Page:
Almost six years ago I moved from a general PICU to a PCICU (well mostly: about 2/3 of our patients are cardiac). One thing I did to prepare was to read the report on the Manitoba Pediatric Cardiac Inquest (http://www.pediatriccardiacinquest.mb.ca). It didn't start out as prep but turned into it when I realized how much information there was within it about cardiac defects, their repairs and what can go wrong. For the unaware, in 1994 the Winnipeg Children's Hospital (where I used to work, but 3 years after these events) had a new and rather green pediatric cardiothoracic surgeon. 12 infants and children died during or following surgery and the situation became the basis for the longest medical inquest in Canadian history. The report makes for frightening but enlightening reading. Of course, techniques have changed a lot since 1994 and so has the nursing care. Cincinnati Children's Hospital (www.cincinnatichildrens.org) has an excellent web site that has animated images of different defects and their repairs. You might also want to review the care and feeding of the intracardiac line, mediastinal chest tube, multiple lumen central line and open sternum. Look at a good drug resource on infusions for information on epinephrine, norepinephrine, sodium nitroprusside, amiodarone, milrinone, nitroglycerine, alprostadil and magnesium. Know the onset of effect of captopril. Brush up on your PALS, especially rhythms. And be prepared for some rocky days ahead, with a new program there will always be a hill to climb before things become comfortable. Good luck!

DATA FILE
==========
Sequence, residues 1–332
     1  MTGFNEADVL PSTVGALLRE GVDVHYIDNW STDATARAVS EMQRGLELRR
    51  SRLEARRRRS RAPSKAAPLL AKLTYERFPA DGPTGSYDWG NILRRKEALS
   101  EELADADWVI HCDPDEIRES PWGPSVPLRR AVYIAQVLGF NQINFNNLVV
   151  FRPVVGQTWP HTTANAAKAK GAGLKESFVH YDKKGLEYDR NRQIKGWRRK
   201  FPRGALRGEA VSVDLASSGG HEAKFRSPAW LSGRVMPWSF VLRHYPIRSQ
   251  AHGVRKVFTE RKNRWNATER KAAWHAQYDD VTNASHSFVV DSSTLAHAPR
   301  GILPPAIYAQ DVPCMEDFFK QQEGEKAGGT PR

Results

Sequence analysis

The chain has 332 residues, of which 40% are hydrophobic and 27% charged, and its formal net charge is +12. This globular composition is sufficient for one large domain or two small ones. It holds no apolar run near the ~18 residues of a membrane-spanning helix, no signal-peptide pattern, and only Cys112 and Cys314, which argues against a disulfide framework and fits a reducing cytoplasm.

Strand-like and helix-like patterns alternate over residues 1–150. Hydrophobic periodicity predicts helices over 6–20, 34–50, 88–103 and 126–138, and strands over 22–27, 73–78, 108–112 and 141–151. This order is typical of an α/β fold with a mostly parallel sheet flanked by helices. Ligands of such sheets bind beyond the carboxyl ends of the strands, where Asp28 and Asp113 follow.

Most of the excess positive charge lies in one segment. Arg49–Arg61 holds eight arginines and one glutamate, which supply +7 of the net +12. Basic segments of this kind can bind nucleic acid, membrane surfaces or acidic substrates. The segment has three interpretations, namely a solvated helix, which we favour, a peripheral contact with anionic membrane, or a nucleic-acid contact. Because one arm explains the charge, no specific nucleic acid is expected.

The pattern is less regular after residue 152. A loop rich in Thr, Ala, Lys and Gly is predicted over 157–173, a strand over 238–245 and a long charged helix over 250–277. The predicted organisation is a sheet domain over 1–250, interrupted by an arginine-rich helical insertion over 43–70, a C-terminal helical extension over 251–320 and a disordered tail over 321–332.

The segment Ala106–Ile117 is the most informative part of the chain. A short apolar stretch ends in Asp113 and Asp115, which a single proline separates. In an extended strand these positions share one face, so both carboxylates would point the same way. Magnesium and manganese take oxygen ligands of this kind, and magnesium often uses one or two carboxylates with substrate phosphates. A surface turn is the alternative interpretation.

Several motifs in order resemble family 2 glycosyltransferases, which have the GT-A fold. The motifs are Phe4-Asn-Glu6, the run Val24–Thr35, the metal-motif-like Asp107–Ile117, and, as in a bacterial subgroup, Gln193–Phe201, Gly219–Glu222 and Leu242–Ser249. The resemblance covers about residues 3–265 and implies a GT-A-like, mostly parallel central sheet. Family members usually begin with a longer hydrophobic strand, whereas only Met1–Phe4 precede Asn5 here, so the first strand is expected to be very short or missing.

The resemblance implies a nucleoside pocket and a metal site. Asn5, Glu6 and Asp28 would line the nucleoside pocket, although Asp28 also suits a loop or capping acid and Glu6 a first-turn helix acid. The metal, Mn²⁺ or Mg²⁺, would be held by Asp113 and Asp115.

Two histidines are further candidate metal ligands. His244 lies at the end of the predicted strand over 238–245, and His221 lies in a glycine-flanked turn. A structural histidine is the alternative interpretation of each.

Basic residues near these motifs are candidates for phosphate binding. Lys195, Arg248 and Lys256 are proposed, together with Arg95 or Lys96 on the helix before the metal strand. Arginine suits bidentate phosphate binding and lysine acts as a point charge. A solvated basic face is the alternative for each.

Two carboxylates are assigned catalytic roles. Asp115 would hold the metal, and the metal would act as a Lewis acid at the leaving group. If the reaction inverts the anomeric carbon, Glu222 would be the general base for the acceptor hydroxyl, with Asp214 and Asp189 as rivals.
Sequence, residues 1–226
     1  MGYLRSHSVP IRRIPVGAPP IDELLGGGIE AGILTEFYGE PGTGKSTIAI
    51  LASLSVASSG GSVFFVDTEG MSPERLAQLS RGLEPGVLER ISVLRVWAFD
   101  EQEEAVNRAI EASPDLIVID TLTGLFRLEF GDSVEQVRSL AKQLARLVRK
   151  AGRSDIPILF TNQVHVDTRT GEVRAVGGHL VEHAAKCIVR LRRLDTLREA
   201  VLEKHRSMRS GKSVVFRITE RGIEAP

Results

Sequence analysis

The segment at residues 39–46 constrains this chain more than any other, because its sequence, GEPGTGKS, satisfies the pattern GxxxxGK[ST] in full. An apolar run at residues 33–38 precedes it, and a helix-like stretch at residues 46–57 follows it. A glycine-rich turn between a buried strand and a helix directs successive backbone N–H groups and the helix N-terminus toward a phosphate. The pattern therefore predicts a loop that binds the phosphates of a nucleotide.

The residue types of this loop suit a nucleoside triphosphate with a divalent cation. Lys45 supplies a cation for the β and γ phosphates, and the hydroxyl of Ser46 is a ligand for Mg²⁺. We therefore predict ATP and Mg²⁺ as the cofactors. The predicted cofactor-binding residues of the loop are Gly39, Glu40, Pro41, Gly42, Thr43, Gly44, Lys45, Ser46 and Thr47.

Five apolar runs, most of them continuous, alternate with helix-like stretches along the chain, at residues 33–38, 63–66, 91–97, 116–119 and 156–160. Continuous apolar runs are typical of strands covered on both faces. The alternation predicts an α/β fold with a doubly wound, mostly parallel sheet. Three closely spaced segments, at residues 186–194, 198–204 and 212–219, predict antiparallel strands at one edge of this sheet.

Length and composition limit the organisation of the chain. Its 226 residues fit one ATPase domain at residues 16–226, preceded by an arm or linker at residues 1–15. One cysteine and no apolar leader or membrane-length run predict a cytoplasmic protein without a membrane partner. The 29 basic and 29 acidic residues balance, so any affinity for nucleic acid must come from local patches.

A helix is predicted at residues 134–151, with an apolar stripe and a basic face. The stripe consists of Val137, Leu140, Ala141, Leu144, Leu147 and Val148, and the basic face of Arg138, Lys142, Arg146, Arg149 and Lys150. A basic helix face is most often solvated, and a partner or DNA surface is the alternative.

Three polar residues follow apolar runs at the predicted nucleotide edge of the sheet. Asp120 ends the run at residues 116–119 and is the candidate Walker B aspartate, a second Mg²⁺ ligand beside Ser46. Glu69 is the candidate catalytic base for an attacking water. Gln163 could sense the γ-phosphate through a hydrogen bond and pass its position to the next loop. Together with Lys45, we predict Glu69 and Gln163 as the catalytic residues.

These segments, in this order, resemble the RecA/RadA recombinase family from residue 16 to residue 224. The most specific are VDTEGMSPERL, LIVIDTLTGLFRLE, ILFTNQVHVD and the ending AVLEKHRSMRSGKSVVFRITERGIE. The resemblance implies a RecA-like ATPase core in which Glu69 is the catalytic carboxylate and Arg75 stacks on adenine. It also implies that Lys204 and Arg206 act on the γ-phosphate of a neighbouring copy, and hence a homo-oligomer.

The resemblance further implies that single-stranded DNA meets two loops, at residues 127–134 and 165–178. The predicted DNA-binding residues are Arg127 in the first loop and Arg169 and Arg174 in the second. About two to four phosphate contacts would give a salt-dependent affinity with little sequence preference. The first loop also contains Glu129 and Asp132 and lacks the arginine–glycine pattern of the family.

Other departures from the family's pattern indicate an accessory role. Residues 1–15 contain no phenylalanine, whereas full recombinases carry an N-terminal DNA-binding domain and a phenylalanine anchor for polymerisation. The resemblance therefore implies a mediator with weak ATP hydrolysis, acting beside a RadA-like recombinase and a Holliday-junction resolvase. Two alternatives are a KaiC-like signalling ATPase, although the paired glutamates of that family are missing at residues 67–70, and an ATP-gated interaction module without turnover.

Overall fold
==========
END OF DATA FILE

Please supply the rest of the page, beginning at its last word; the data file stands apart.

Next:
[font="comic sans ms"]as usual, jan is ready with great advice!!also remember this, you can have 5 different kids with the same cardiac defect and repair, and you'll see 5 different roads to recovery. these kids can decompansate so fast, always be on your toes, and good luck!
kessadawn's almost totally correct. Actually there are no identical defects, only very similar ones...
There is definitely no care map that will fit most cardiac patients. Our surgeons do the most complex and creative repairs, even some that they've made up as they went along, and so we don't have many "typical" courses. We actually only have care-maps for simple ASD repair and simple VSD repair. The rest of the care plans are one part proactive, one part go-with-the-flow and eight parts reactive! I cringe whenever a newish nurse is preparing to receive her first CV patient from the OR and says, "It's just an ASD." Kiss of death. We've had "just an ASD" go on ECLS for Heaven's sake! A little respect goes a long way.
Hi! I'm PCIC nurse as well. Work at Schneider Children's Medical Center of Israel for almost 5 years. I'm very proud and satisfied with my work in this special unit with all the advanced equipment and professional staff. We have full range of operations for repair of congenital and acquired heart disorders from newborn up until age 18 (All kind of septum defects, Coarctation and more complicated disorders like Truncus Arteriosus, TGA, Hypoplastic Rt/Lt heart etc), heart and lung transplantations, operation of ECMO.. Over recent years, the Unit has conducted two-thirds of all cardiac surgeries in the country which amount to about 400 operations annually.
All the nursing staff has BA Nursing degree at least, most of them have Master degree plus extra Intensive Care course.
I already published a thread on my main interest wich is pain management in PCICU, maybe you could refer my to anyone who might be interested to join me in some international projects on these matter.